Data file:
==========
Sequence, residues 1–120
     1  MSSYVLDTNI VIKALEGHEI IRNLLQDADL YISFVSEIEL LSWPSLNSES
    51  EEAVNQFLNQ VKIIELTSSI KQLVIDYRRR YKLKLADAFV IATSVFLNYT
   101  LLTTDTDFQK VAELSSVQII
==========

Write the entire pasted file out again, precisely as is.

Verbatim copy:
Sequence, residues 1–120
     1  MSSYVLDTNI VIKALEGHEI IRNLLQDADL YISFVSEIEL LSWPSLNSES
    51  EEAVNQFLNQ VKIIELTSSI KQLVIDYRRR YKLKLADAFV IATSVFLNYT
   101  LLTTDTDFQK VAELSSVQII